Tuesday, May 09, 2006

Sour Grapes

Yes, this is a case of sour grapes ... Peter Carlson's magazine column in today's Washington Post notes that in the forthcoming issue of Foreign Policy, General William Odom talks about leaving Iraq:

"Invading Iraq was not in the interests of the United States," Odom writes. "It was in the interests of Iran and al Qaeda."

Kudos to the brave editors for publishing such heresy.

Of course, Odom first made this case--in the summer 2004 issue of The National Interest. Back then, it wasn't quite the popular position to take. Of course, in summer 2006--this is now much more of a "mainstream" position.

Odom, of course, has displayed remarkable consistency on this issue. No "mea culpas" three years after the fact.

General Odom is a sane man. He also knows what it takes to get anything done in the real world as opposed to the pages of paper and what true strategic interests of the United States are.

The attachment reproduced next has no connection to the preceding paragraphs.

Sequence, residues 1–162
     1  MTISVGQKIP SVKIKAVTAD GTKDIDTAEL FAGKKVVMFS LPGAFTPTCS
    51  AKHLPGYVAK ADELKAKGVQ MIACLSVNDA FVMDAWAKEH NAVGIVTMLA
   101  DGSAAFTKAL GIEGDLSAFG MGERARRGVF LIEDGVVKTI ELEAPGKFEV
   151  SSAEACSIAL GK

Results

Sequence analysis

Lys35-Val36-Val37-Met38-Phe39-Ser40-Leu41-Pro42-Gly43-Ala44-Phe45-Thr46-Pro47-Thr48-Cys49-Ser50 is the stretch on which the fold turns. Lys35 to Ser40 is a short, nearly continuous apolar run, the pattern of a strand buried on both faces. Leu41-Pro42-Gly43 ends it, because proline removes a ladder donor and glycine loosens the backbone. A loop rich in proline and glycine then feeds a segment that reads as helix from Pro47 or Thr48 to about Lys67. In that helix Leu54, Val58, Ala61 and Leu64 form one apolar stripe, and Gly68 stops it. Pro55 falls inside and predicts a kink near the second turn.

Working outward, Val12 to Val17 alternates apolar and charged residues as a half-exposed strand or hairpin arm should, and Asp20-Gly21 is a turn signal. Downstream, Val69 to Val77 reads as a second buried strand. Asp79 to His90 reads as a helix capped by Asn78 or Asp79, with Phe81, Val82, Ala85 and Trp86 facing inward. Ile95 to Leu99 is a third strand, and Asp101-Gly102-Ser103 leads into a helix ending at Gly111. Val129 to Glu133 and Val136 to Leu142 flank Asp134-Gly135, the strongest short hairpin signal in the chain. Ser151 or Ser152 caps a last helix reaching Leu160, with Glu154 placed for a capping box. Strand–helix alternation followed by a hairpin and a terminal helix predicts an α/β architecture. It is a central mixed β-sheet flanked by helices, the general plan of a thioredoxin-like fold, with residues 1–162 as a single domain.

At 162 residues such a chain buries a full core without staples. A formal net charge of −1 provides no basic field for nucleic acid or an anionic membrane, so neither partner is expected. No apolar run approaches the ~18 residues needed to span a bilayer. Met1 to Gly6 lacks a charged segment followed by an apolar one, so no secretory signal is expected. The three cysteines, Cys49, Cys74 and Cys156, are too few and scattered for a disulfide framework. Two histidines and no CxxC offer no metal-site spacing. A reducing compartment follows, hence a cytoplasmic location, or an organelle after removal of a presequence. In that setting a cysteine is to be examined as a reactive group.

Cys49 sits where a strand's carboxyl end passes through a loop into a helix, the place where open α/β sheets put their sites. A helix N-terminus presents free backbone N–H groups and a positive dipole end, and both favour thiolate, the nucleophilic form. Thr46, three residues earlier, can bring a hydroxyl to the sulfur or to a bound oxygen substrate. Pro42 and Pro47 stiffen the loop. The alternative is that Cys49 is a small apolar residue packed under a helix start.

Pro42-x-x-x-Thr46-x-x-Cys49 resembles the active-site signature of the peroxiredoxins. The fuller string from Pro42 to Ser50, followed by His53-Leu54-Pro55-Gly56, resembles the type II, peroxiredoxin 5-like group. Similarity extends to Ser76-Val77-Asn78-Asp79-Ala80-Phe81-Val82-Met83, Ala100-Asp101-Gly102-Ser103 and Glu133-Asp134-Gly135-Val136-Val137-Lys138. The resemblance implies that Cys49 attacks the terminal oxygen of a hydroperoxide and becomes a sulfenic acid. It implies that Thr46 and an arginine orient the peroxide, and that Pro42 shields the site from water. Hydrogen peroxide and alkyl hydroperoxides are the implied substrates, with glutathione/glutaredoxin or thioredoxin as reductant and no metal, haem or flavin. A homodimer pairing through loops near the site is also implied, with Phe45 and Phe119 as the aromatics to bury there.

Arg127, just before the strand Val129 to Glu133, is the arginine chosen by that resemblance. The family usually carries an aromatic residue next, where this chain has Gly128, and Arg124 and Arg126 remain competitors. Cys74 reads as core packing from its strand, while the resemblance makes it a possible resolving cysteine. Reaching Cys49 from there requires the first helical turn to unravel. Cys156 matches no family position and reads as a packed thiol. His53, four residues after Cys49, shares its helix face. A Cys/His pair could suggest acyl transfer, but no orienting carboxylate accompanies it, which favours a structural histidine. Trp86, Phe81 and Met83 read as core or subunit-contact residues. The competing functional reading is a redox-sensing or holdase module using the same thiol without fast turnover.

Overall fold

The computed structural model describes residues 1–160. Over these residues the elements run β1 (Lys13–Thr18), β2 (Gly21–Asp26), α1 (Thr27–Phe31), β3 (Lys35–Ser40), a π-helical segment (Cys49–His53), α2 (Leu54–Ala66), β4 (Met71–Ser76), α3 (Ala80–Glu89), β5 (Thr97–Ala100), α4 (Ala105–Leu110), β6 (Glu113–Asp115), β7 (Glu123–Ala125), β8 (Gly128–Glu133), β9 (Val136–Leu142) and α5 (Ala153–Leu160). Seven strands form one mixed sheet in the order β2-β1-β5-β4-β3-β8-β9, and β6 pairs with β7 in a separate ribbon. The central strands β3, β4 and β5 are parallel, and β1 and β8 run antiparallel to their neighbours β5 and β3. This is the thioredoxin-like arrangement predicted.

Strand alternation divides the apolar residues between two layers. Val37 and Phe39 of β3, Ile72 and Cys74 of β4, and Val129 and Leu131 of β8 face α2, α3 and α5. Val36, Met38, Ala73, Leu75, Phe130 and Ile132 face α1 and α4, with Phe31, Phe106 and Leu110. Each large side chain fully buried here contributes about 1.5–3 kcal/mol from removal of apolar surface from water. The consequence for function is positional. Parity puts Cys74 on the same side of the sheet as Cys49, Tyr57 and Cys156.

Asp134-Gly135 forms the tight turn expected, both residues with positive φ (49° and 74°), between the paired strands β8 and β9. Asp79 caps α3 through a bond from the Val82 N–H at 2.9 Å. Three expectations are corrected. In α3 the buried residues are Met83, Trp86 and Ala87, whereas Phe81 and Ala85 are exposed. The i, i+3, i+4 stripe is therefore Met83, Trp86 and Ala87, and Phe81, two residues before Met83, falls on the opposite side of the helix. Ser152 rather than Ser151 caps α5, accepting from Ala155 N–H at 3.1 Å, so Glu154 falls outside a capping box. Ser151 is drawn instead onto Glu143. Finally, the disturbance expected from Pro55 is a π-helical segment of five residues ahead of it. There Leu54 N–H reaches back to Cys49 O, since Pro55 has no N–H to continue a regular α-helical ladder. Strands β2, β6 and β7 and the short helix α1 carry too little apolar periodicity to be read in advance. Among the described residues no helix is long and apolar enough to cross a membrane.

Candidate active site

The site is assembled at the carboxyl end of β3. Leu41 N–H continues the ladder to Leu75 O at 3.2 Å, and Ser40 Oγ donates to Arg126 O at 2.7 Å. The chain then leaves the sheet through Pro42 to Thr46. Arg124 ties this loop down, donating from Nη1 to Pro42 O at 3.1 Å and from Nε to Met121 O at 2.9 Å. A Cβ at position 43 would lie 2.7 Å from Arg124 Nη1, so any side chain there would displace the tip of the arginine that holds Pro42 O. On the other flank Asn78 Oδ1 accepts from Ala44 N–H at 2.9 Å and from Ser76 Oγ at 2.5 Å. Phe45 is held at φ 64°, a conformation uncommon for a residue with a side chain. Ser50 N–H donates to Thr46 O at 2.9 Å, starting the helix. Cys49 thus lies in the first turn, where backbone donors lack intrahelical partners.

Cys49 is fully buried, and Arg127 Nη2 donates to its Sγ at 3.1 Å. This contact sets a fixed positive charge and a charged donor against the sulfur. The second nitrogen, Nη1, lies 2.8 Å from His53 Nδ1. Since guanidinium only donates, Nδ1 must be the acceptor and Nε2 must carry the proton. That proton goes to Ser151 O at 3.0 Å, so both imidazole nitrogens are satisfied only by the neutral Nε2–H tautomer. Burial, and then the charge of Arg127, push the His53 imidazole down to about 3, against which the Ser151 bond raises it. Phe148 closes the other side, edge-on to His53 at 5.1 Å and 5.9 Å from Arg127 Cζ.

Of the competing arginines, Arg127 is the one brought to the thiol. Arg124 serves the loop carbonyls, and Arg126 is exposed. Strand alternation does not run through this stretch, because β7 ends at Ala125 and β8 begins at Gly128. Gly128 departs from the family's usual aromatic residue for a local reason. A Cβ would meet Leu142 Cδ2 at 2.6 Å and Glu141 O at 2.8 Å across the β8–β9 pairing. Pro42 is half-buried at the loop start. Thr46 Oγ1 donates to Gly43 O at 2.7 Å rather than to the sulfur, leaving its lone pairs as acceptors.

The degree to which people such as him are ignored by US Government is indicative of the effective of the policies that are pursued now.
It says something that "mainstream" publications have to wait until the bandwagon starts and it is "safe" to publish these kinds of opinions. Odom would have had to go to National Interest in 2004 because Foreign Affairs or Foreign Policy, in 2004, wouldn't have published him.
The even scarier possibility is that the Iranians, through Chalibi, snookered us into doing it. Perhaps they will tell us in 60 years or so.
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